Hydrock was appointed to deliver design engineering services on the new £15m campus for Gloucester College in the Royal Forest of Dean. The new campus merges post-16 educational facilities in the area to provide an exemplar new, highly sustainable college.
The new facility is the flagship project for the £100m education-led regeneration of the Forest of Dean. The Northern Quarter Masterplan includes hotel, leisure, employment and housing developments aimed at regenerating the former mining area around Cinderford.
Hydrock worked with architect Roberts Limbrick and the contractor, Barnwood Construction, providing civil, structural and geotechnical engineering consultancy to the 7,200 sq m project.
Features of the new campus include an independent sixth form centre, jointly run by Gloucestershire College and Dene Magna School, a new STEM (Science, Technology, Engineering and Maths) centre and a new training restaurant, alongside open community spaces.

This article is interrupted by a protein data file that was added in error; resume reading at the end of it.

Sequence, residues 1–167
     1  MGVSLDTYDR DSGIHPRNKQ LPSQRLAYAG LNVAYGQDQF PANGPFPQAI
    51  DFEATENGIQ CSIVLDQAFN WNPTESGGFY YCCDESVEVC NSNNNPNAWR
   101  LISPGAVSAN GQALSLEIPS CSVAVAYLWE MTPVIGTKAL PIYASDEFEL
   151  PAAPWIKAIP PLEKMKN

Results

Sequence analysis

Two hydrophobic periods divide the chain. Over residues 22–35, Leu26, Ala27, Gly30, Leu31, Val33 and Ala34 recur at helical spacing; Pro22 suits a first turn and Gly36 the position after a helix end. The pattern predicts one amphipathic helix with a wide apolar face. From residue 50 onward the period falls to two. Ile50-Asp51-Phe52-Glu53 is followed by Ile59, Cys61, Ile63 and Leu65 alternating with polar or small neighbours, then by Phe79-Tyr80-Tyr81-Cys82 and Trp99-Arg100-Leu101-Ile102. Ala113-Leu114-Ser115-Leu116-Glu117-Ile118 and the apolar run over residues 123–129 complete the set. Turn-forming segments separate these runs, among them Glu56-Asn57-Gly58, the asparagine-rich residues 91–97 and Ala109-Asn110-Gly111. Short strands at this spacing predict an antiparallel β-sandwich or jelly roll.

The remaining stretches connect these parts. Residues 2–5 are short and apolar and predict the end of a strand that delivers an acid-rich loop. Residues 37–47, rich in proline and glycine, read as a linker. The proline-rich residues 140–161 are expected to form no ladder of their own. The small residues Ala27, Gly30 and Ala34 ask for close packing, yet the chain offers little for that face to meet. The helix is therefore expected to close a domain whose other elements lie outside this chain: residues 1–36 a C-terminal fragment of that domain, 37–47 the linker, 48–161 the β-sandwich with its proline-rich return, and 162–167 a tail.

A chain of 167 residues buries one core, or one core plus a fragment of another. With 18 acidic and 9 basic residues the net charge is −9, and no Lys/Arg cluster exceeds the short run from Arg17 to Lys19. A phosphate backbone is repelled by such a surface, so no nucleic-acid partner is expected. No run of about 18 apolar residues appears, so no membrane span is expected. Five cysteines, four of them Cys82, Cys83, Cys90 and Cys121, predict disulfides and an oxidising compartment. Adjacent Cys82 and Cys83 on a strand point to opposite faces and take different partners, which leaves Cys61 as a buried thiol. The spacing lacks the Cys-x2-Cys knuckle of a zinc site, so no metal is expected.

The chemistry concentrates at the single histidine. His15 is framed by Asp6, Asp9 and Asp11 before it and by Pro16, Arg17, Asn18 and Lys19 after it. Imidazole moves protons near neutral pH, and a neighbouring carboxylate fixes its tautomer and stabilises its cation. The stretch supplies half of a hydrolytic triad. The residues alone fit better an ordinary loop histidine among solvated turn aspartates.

The building is orientated to provide high levels of natural light, and to minimise its impact on the landscape it incorporates brown and green roofs to provide habitats for wildlife along with grey water and rainwater harvesting.
The site of the new campus buildings is a former coal quarry that was backfilled. Consultation with the Environment Agency and Environmental Health was consequently a key part of our role to ensure that all the ground risks were appropriately dealt with.
Our structural design has enabled the architects' vision to be delivered, including elements such as curved, glazed elevations and a whale back feature to enclose the rooftop plant. Column free zones have been achieved with the inclusion of hanging structures and trusses to create a spacious and light atmosphere.
All the structural elements have been carefully designed to allow the buildings services to be hidden from sight while providing easy access for maintenance.
The campus includes a large surface car park which required our engineers to design attenuation within the sub-base as part of a SUDS scheme. The drainage scheme required close liaison with the local flood authority.
Close liaison with Homes England, who are partly funding the regeneration, was key while also factoring in in stringent planning requirements.
Developing the site involved careful consideration of the diverse eco-system. A comprehensive package of ecological measures to safeguard the area’s wildlife, including protection of key bat flyways, new bat roosts, habitat piles for toads and newts and nest boxes for dormice, were included.
The new campus opened on time in September 2018.